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Posted 13 Aug 2014

How cloud computing requires us to rethink application development

, 13 Aug 2014 CPOL
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How and why moving to a cloud based deployment model requires changes to the way we think about application development


There is no doubting that the emergence of cloud computing has been a game changer for application development.  In this article I will be looking at specific differences between the more traditional on-premises deployment model and cloud computing and describing what these differences mean to application development.

The key differences

CategoryOn-premisesCloud computing
  • Adding hardware is expensive
  • Cost is largely independent of usage
  • Reliability is under our control
  • Adding hardware is cheap
  • Cost is directly related to usage
  • Reliability is SLA driven
  • Physical security of the data is possible
  • Physical security of the data is not possible


Dealing with problems

Traditionally we specified and bought hardware that had fault tolerance built in and wrote software that was fault intollerant to run on top of it.  This meant developers made assumptions about availability, bandwidth and response times and any problems there arising were dealt with on a break-fix basis (often by improving the hardware specification).

In a cloud deployment model the promise of hardware fault tolerance is replaced with a service level agreement - a percentage based promise.  This means that you should make your software fault tolerant too - you need to retry operastions if transient faults are encountered and you need to think about graceful degredation if you don't get the hardware reliability you expected.  A pull-the-plug exception handling methodology is no longer viable.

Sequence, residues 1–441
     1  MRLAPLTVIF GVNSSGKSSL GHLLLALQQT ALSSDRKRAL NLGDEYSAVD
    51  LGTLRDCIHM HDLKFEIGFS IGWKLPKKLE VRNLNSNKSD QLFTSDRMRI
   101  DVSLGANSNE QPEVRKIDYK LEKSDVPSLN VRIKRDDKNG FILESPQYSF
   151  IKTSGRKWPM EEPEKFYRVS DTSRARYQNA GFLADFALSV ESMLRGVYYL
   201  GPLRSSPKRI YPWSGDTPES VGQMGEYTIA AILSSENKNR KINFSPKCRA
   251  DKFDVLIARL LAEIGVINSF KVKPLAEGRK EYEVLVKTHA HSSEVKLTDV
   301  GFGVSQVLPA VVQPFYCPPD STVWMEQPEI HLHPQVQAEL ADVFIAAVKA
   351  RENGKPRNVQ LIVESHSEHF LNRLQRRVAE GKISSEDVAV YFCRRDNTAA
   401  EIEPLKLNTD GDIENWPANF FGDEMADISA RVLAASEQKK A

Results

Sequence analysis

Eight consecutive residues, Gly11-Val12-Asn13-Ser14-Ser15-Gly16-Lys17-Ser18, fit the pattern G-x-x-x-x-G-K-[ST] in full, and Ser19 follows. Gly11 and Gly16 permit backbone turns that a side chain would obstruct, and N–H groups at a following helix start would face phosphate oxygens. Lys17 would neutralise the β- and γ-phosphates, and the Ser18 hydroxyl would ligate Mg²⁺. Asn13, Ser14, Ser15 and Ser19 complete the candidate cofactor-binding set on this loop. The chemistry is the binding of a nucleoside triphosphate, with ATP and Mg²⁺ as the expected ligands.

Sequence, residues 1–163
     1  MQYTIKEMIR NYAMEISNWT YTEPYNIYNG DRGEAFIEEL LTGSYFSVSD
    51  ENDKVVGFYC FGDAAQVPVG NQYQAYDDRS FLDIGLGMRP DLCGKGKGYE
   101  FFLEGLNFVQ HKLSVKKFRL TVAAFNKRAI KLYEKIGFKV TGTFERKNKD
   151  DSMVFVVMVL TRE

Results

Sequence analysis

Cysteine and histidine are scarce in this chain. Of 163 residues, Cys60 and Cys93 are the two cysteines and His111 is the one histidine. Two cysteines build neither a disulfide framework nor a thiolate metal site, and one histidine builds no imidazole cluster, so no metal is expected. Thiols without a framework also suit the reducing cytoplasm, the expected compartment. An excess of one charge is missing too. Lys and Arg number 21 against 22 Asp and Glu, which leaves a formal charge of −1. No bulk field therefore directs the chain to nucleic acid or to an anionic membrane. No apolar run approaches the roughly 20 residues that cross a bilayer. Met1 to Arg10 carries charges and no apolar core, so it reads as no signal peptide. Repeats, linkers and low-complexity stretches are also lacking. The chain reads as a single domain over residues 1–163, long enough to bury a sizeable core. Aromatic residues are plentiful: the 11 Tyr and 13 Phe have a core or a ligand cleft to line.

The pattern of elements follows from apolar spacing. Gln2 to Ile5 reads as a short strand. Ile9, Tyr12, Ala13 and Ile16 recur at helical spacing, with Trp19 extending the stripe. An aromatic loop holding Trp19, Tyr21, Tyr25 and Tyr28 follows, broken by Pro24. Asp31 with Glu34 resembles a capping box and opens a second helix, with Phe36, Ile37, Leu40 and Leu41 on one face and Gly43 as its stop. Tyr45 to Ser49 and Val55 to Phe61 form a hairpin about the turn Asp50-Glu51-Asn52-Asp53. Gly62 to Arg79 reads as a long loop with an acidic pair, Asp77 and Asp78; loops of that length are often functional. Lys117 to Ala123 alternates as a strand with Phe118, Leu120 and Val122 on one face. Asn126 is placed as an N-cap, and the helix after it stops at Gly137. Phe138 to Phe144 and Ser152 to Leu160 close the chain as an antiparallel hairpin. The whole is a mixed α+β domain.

Some companies, in an effort to break developers hardware over confidence, go as far as deploying a chaos monkey to deliberately reduce the predictability and reliability of the hardware they are working on.

Scaling intelligently

When the hardware is sitting in your own data centre the actual cost of purchase it tends to be hidden from the application developement team - it is typically a sunk cost that is amortized and spread across the whole company.  This is not the case for cloud deployment - typically you are going to get charged for whatever you use in terms of storage, network IO and compute time.

This means you are going to want your application to be able to scale up when demand increases but also to scale back down again (releasing unused resouces) when demand decreases.  

You also need to design your application to avoid bottle necks.   How this is actually acheived varies on a case by case basis but the underlying thought should alsways be "how can I make this process parallel". 

Location independence

In a cloud deployed environment you cannot guarantee that your application will be hosted on a specific machine.  This means that any intra-application communication will need to be done using a messaging providor or a message queue with location independence as a primary design consideration.

Coding for a land of plenty

Cloud deployment makes such an enormous amount of computing available that it is worthwhile considering how to code for a land of plenty. 

In practice this means storing all the data that comes into your system, not just that which you currently have a known need for.  Tools such as HDInsight mean that this data will be useful to someone someday.

Coding for a time of scarcity

There is one resource that has not become more plentiful in a cloud deployed scenario - developers.  Fortunately there is a large amount of code already built that can be leveraged - either open source or as paid plug-in services.  The developers mantra here should be "only write the code that only you can write".


2014-08-13 Initial ideas


This article, along with any associated source code and files, is licensed under The Code Project Open License (CPOL)


About the Author

Duncan Edwards Jones
Software Developer (Senior)
Ireland Ireland
C# / SQL Server developer
Microsoft MVP (Azure) 2017
Microsoft MVP (Visual Basic) 2006, 2007

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